On 22 July 2011, the European Securities and Markets Authority (“ESMA”) issued a discussion paper setting out policy orientations on guidelines for UCITS exchange-traded funds (“ETFs”) and structured UCITS. Following the entry into force of the broader investment freedoms for UCITS under UCITS III and their further extension in the Eligible Assets Directive (2007/16/EC), UCITS have been used as vehicles to implement a variety of strategies previously unavailable to them. ESMA is examining the impact that such innovation may have on investor protection and market integrity, particularly as UCITS products are not intended to be complex. ESMA is of the view that the current regulatory regime does not take sufficient account of the specific features and risks associated with UCITS which are ETFs or structured funds and is concerned that particularly complex products, which may be difficult for retail investors to understand and evaluate, may be made available to them. ESMA is therefore considering introducing measures which would mitigate these perceived risks.

ESMA raises a number of questions in the discussion paper in relation to whether there ought to be limitations on the distribution of exchange traded and structured UCITS to retail investors, or whether warnings ought to be issued to investors in respect of such products. ESMA has identified the following topics in respect of which it believes that guidelines should be developed and on which feedback is sought:


Use of an Identifier

ETFs should use an identifier, in their name and in their fund rules, prospectus and marketing material, which identifies them as an ETF.

Tracking Issues

The prospectus of ETFs which track the performance of an index or other assets should contain a clear and comprehensive description of the underlying asset which it proposes to track and the mechanism by which it will gain exposure to the it, ie whether the asset will be tracked synthetically or physically.

Synthetic ETFs

The prospectus of ETFs which track underlying assets synthetically should at a minimum include information on the underlying asset, the type of collateral which may be received from counterparties, the risk of counterparty default and the effect of such an eventuality on investors’ returns.

Securities Lending Activities

ESMA suggests that collateral received by ETFs in respect of securities lending activities, should comply with the criteria for OTC transactions set out in CESR’s Guidelines on Risk Measurement and the Calculation of Global Exposure and Counterparty Risk for UCITS, which were built into the Irish UCITS framework as an addition to the implementation of UCITS IV in Ireland on 1 July 2011. The prospectus should clearly inform investors about the policy in relation to collateral, eg permitted types of collateral and the level of collateral required by the UCITS.

Disclosure of Main Risks of Actively Managed ETFs

Where an ETF is actively managed, investors should be clearly informed of this fact and of the main sources of risk arising from this choice of investment strategy.

Disclosure of Leverage Policy

The prospectus of leveraged ETFs should disclose their leverage policy and the risks associated with it, as well as including a description of how the daily leverage impacts on investors’ returns over the medium to long term.

Secondary Market Investors

ESMA is considering whether ETFs ought to be required to give all investors, including those who acquire units in the secondary market, the right to redeem their units directly from the UCITS.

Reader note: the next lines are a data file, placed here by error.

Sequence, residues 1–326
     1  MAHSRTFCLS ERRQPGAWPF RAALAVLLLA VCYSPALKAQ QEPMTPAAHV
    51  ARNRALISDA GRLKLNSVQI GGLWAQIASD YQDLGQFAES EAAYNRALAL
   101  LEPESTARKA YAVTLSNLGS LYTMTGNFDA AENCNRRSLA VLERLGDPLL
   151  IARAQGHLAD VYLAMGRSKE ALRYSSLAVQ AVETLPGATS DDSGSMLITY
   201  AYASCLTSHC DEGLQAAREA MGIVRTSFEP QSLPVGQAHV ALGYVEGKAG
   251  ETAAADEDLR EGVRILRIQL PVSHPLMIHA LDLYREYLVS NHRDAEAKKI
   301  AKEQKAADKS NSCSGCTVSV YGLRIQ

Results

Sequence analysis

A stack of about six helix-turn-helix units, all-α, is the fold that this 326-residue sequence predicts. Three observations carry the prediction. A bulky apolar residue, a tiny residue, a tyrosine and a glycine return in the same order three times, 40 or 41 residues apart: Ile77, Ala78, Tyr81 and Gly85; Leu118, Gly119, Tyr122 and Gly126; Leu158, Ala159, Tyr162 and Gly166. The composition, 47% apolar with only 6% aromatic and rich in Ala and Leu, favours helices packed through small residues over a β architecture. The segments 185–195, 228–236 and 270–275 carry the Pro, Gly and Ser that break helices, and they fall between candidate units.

Structured UCITS

ESMA describes structured UCITS as using financial derivatives, typically total return swaps, to provide investors with a predefined payout at the end of a specific period based on the return on underlying assets. ESMA considers that guidelines should be developed with regards to total return swaps and strategy indices. For structured UCITS gaining exposure to complicated investment strategies, ESMA believes that both the UCITS’ investment portfolio, which is swapped out, and the underlying of the swap to which the UCITS is exposed, should comply with the relevant UCITS diversification rules. Also, ESMA is of the view that the role of the counterparty of the total return swap should be subject to specific safeguards. ESMA proposes policy orientations concerning strategy indices on, inter alia, the appropriate frequency with which indices should be rebalanced and how their composition should be disclosed.


Matheson Ormsby Prentice, who have advised many of the leading ETF providers in the European market on the establishment of Irish domiciled ETFs, believes that the ETF market in Europe in particular is likely to experience significant growth in the coming years and that regulatory focus on it is understandable. The challenge for ESMA in considering the issues outlined above is to promote appropriate regulation of this market which safeguards investors without disadvantaging fund product providers by imposing unnecessarily burdensome or inefficient procedural requirements. For example, we believe that Irish domiciled funds may already comply with many of the proposals made by ESMA which further demonstrates Ireland’s position as a market leading domicile for ETFs in Europe.


ESMA will use the feedback received to the discussion paper to develop draft guidelines for ETFs and structured UCITS. Responses are due by 16 September 2011 and, as we currently anticipate that Matheson Ormsby Prentice will submit a response, we welcome and encourage any suggestions or opinions that you may have. The draft guidelines prepared by ESMA following review of the responses received will be subject to a further public consultation in due course.

ESMA’s discussion paper can be accessed through the following link: ESMA Discussion Paper.